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It is not as widespread as it should be, but it is certainly picking up pace. The National Building Specification (NBS) National BIM Report 2015 gives a good indication of where we are. The first NBS BIM Report in 2010 found that less than 15% of the industry was engaged with BIM. In 2015, this figure had risen to 48%. Looking ahead, 95% of those surveyed predicted that they would be using BIM in five years’ time. There has certainly been more interest of late and the 2016 government mandate has moved things along, but we still have a way to go.
In short, yes. There is a lot of guidance out there for SMEs and large corporations to assist with the uptake of BIM. Remember that these are only mandates for government projects so the rest of the industry can adopt at a pace to suit itself—but it really is catching up to where we ought to be.
While talking about BIM at seminars, I often use the analogy of Lego and Minecraft. Those of us of a certain age used to have to go physically to a friend’s house to build together with Lego. The next generation are building virtual worlds online with friends in other houses, cities and even countries. The Minecraft generation will find BIM a natural process and wonder why we have not been using BIM all along.
No, we are seeing BIM adoption at all levels. Not many companies are actually working at level two in its purest sense, but the uptake of BIM generally is increasing. This adoption is across the board with most big hitters now using BIM and many SMEs are also seeing the benefits. Groups such as BIM4SME are a fantastic resource for SMEs.
Beyond the 2016 level two targets, how difficult will the industry find the leap to level three?
It is not a question of difficulty, it is more a question of culture and mind-set. Let us get to level two first and then take a view.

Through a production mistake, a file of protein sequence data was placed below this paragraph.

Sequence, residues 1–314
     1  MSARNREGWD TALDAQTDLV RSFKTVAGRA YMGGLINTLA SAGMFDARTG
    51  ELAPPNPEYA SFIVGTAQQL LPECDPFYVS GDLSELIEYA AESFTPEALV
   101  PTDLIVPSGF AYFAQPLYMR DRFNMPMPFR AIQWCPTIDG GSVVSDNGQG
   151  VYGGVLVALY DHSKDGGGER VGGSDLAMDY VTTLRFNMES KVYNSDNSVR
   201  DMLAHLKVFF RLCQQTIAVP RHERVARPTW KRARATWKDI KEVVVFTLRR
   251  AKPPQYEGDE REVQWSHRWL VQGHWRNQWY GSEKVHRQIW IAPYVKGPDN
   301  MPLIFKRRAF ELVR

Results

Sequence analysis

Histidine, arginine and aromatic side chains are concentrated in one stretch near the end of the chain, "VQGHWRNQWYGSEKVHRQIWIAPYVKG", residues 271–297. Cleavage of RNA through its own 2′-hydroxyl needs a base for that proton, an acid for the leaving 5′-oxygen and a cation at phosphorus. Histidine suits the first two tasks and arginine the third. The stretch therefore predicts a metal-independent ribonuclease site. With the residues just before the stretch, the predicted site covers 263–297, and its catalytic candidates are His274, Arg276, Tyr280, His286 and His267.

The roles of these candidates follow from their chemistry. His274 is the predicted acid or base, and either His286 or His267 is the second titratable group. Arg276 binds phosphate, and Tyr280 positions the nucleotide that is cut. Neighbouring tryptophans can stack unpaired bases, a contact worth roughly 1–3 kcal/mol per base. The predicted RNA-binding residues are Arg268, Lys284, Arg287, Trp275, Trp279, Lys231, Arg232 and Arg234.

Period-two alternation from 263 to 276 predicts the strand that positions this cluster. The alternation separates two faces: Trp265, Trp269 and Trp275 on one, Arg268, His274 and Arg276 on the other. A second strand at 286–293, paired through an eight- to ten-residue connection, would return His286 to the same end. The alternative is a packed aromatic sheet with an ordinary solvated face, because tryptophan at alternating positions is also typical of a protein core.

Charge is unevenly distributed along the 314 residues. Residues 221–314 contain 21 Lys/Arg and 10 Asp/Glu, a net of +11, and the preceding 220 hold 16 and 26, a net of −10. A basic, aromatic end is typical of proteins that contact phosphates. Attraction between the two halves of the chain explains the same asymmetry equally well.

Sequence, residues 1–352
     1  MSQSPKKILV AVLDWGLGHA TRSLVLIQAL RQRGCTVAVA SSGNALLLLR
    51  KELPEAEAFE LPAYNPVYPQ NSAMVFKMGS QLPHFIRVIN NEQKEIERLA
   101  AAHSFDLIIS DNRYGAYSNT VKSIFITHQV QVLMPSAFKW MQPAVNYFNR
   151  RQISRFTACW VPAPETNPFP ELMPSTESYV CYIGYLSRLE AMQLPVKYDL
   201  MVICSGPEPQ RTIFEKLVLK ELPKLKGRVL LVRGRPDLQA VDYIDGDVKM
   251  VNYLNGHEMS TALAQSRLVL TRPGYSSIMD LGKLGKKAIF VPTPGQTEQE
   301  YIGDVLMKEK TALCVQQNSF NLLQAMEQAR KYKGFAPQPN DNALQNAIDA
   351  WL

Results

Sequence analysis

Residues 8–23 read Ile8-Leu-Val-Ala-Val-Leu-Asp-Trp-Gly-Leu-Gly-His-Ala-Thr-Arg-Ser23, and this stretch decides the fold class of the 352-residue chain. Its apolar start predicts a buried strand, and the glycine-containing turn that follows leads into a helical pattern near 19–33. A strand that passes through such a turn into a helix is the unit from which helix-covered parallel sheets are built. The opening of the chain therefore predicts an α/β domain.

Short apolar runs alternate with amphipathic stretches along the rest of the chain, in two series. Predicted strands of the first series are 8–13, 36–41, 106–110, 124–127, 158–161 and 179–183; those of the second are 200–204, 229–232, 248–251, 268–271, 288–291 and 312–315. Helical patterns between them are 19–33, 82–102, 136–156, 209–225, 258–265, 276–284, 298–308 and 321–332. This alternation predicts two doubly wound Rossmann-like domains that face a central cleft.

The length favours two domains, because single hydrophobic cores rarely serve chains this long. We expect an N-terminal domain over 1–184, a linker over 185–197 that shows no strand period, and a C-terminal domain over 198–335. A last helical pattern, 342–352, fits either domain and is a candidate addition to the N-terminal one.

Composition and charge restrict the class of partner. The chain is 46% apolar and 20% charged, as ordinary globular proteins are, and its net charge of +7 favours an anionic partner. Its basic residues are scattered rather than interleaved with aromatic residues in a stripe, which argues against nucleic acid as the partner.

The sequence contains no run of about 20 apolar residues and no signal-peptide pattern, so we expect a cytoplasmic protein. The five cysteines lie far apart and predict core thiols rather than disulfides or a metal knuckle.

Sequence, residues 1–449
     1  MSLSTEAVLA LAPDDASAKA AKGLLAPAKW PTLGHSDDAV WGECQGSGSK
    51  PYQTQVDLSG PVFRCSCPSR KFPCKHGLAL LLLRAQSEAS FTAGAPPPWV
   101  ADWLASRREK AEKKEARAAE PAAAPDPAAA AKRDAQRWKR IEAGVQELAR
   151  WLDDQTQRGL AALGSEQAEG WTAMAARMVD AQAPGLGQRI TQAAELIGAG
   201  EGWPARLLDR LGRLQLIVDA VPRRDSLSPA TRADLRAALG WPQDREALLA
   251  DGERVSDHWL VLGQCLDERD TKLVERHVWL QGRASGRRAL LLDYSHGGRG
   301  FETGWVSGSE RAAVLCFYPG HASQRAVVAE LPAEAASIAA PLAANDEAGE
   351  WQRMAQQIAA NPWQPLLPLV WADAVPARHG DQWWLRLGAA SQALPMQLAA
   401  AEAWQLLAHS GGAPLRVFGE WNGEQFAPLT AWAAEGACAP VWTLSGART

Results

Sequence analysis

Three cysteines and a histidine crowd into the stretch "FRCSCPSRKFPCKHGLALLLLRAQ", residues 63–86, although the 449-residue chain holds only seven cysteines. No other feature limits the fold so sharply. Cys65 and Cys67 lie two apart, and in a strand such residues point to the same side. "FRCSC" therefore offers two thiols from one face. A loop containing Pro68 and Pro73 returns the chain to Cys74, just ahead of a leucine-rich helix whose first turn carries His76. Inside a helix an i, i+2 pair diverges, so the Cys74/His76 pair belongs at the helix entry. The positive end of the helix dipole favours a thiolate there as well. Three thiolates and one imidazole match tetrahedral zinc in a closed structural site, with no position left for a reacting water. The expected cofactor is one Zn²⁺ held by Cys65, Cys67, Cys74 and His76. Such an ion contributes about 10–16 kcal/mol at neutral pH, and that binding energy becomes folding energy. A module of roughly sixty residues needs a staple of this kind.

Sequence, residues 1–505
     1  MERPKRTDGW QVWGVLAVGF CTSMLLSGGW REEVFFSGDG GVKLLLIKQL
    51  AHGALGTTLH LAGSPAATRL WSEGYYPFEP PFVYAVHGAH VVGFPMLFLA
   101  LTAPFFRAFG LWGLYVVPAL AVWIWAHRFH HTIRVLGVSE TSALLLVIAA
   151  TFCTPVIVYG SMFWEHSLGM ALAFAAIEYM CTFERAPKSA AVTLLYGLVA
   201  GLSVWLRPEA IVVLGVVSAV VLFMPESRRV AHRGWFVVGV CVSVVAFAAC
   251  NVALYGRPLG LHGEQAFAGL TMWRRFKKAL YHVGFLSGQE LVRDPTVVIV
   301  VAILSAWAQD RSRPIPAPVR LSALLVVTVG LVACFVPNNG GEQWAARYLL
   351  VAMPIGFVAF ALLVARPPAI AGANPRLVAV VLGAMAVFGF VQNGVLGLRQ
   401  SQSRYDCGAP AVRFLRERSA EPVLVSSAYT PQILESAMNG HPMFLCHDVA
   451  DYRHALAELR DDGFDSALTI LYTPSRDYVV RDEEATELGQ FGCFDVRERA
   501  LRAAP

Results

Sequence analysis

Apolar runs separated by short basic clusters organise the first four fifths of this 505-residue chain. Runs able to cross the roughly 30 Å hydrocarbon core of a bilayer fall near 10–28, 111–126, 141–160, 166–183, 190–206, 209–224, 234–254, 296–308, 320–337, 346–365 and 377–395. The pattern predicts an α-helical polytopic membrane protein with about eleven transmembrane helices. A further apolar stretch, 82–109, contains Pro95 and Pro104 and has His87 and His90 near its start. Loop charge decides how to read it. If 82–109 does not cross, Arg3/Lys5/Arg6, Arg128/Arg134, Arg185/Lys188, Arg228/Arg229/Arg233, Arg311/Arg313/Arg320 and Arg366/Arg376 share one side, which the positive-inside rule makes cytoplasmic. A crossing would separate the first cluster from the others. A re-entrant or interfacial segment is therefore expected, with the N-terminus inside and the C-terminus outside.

Yes, level three BIM will be a game changer legally. At level three, all parties will be working on one integrated, shared project model. This will require shared-risk procurement and amendments to appointments to cover issues such as copyright and liability. There is not that much to worry about at level two which replicates existing processes in a digital environment. The use of Employer’s Information Requirements, a BIM Execution Plan and a BIM protocol need to be factored in but existing procurement routes and contracts (with some minor amendments) are generally suitable.
It is hoped and envisaged that BIM will assist with the flow and delivery of a project and maybe reduce claims relating to design and delay. The next couple of years will be telling. It is arguable that BIM will actually assist with claims, as it will provide an excellent audit trail of the design process. Further digital construction techniques will also come to the fore with regard to disputes—for example, laser scanning can be used in relation to defective workmanship.
Interviewed by Nicola Laver.The views expressed by our Legal Analysis interviewees are not necessarily those of the proprietor.
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